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Not having to attack like Tattermunge Maniac proved to be a big difference. Kessig Prowler allows you to wait until you can transform it, whereas Maniac forced you to make suboptimal attacks. A hidden benefit of Prowler is that it turns Path to Exile into a clear liability for your opponent, since you are now closer to transform. Dungrove Elder (and Scavenging Ooze to a lesser extent) has a similar effect. These creatures are great because they allowed me to run one more land. This in turn has the effect of decreasing the mulligan rate and weakening the adverse effects of mana flood.

A New Kind of Stompy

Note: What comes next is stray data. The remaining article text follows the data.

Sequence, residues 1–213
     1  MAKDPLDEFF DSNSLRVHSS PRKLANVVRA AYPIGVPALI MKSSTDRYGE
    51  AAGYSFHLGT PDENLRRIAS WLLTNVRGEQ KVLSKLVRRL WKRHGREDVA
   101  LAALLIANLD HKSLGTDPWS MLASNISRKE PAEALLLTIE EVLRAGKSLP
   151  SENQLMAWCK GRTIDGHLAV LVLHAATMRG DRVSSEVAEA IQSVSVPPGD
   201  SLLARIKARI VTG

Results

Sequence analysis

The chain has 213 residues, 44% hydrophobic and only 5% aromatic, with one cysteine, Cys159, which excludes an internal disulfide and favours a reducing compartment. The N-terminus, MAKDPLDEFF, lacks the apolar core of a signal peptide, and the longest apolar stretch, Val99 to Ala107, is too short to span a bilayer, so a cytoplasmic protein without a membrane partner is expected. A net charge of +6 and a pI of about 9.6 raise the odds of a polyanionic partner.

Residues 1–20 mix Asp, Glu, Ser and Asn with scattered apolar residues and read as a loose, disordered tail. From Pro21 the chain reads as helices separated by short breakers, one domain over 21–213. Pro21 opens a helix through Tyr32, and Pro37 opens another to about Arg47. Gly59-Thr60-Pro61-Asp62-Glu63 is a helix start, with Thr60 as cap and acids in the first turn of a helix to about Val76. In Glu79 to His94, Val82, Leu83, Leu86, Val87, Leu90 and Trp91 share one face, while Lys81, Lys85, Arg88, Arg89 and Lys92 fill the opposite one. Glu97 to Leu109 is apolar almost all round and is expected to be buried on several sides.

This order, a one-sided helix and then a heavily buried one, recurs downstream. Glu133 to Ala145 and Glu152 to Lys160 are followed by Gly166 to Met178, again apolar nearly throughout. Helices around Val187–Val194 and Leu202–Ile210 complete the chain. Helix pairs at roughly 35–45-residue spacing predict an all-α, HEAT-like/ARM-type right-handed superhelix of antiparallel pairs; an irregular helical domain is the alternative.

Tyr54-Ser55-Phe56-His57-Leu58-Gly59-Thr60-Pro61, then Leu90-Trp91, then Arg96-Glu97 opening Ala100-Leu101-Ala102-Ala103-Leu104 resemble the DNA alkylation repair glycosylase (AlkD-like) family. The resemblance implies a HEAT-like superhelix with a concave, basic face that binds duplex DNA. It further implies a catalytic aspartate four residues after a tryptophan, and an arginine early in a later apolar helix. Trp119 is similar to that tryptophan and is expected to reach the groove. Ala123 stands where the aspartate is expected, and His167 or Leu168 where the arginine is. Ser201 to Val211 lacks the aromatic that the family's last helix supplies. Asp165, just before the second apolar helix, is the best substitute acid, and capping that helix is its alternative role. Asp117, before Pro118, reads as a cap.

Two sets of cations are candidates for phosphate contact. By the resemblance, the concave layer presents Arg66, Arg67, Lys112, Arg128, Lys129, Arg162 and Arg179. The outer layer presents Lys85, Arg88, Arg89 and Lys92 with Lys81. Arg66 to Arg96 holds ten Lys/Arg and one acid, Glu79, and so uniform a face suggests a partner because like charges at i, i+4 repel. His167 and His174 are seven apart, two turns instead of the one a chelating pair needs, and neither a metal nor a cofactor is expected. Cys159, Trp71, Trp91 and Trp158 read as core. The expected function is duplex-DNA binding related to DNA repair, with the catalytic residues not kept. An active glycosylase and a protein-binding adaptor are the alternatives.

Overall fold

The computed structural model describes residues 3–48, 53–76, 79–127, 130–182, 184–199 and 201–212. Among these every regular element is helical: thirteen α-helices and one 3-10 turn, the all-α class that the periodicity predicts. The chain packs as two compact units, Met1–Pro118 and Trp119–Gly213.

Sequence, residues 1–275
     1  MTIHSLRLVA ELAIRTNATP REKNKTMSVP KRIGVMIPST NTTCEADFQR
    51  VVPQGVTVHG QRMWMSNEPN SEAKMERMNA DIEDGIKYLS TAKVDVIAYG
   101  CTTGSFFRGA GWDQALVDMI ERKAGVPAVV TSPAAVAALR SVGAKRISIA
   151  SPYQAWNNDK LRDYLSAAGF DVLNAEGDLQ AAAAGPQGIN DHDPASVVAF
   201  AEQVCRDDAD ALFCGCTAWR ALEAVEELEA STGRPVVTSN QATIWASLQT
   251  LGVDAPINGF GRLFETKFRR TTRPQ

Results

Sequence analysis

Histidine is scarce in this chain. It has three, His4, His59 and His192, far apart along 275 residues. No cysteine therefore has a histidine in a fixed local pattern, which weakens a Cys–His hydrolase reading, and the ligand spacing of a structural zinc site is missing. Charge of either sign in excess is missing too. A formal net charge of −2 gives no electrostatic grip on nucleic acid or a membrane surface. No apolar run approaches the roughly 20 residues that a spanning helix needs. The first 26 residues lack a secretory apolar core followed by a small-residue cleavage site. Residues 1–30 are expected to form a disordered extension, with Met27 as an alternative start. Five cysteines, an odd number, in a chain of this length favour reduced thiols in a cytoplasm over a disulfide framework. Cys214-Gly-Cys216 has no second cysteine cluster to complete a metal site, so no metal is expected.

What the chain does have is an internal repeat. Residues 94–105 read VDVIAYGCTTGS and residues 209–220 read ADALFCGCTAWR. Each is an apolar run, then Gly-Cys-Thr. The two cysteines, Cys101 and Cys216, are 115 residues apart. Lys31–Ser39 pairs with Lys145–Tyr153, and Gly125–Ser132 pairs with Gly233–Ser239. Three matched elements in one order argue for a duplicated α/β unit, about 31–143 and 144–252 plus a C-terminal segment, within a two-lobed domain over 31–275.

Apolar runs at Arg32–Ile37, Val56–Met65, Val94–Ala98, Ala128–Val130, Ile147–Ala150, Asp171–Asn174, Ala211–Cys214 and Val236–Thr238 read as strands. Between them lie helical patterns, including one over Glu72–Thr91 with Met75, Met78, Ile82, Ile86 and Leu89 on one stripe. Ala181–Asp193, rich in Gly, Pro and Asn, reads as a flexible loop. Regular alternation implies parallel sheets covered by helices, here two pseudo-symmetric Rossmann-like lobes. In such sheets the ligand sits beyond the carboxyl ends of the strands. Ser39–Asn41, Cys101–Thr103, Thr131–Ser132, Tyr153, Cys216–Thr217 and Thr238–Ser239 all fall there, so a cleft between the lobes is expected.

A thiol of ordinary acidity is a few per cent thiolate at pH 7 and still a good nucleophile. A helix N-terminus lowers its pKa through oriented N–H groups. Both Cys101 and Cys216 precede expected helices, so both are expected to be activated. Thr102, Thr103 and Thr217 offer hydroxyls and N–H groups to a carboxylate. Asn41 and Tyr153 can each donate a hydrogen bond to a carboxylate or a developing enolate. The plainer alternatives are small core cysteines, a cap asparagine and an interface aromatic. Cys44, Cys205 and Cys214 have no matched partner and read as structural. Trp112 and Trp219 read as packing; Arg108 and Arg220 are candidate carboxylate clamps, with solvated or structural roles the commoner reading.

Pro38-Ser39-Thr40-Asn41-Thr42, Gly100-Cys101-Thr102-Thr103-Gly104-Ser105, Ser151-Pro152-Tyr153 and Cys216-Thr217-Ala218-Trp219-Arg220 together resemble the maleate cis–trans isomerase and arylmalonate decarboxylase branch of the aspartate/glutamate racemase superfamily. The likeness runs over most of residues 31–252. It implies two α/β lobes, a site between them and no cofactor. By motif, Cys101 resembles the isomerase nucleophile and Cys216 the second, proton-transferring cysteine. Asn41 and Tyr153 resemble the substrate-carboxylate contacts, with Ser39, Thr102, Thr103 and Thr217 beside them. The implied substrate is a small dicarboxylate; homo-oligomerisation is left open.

However, one problem persisted even with the addition of Kessig Prowler: My early creatures got trumped by bigger creatures. Something as simple as Kird Ape stops Kessig Prowler, Dryad Militant and Strangleroot Geist effectively. Similarly, Tarmogoyf stonewalls a majority of my creatures unless I draw Rancor. The same applies to Eldrazi, Merfolk or Slivers. Vines of Vastwood helps to break through bigger creatures, but costing GG makes it mana-inefficient, in addition to opening myself up to removal (since I’m the first one to „blink“, so to speak). Is there a solution?

The answer is yes. When I scoured the card database, I discovered something that addresses both the one-drop problem as well as the „sizing“ problem. That card? Hardened Scales.

Naturally, building around Hardened Scales requires some restructuring. Interestingly, a lot of Stompy’s creatures already operate with +1/+1 counters, so the transition was smooth:

Hardened Stompy

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While this version is a little slower out of the gates, it is more powerful in the midgame. Let’s break it down card by card:

Hardened Scales: